Pay your admission to the main site at what was once the actors' entrance to the theater. Although there are many Roman theatres none are quite as perfect as this one built by a local architect called Xenon during the reign of Emperor Marcus Aurelius (AD 161–180). Much of its preservations owes to it being reused by Seljuk Turks as a royal palace in the 13th century; traces of the distinctive Seljuk red-and-yellow paint work are still visible. The theatre is striking for the broad curve of seats, perfectly proportioned porticoes, and rich decoration. The Greeks liked open vistas behind their stages, but the Romans preferred enclosed spaces. The stage building you see today was once covered by an elaborate screen of marble columns, and its niches were filled with statues. The only extant relief onsite depicts Dionysus (Bacchus) watching over the theater. The acoustics are fine, and the theater continues to be used—for concerts and for the Antalya International Opera and Ballet Festival, held every June and July, rather than for wild-animal and gladiator spectacles as in Roman times. Note the stone brackets on the outside, these once held a vast awning which shaded the audience.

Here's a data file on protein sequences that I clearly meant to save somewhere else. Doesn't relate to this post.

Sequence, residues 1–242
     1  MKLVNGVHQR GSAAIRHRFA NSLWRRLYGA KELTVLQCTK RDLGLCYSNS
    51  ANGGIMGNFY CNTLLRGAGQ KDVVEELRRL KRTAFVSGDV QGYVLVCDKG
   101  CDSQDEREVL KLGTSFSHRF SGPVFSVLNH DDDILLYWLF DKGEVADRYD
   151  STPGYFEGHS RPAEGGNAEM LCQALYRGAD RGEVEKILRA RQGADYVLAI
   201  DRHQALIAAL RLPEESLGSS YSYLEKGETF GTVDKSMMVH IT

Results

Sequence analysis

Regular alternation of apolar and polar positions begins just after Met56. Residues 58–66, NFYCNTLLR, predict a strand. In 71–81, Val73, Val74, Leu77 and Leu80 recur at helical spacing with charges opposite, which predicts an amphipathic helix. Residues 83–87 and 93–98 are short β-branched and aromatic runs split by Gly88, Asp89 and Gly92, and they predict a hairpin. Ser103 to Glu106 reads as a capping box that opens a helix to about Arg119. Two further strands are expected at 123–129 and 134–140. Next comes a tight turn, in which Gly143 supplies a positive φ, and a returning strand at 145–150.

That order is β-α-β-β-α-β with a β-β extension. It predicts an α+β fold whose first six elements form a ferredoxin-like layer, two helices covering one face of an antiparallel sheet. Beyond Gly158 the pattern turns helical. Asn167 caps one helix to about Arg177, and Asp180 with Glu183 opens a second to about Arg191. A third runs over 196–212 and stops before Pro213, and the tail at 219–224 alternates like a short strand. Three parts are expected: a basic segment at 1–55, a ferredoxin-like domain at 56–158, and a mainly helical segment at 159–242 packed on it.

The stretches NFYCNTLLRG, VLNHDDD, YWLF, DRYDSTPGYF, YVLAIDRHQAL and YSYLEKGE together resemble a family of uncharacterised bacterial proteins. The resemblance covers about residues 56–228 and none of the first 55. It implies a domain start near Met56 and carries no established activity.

Aspendos was a city, dating back to the Hittite times, but most visitors just see the theater. The rest is up a short zigzagging trail behind it. The rewards are a tall Nymphaion (a sanctuary to the nymphs built around a fountain decorated with a marble dolphin) and the remains of a Byzantine basilica and market hall. You can also see, below in the plain, the stadium and the aqueduct which used an ingenious syphon system.
- Address: 49 km (31 mi) east of Antalya
- Cost: 15 TL
- Hours: Daily 9–7
- Location: Aspendos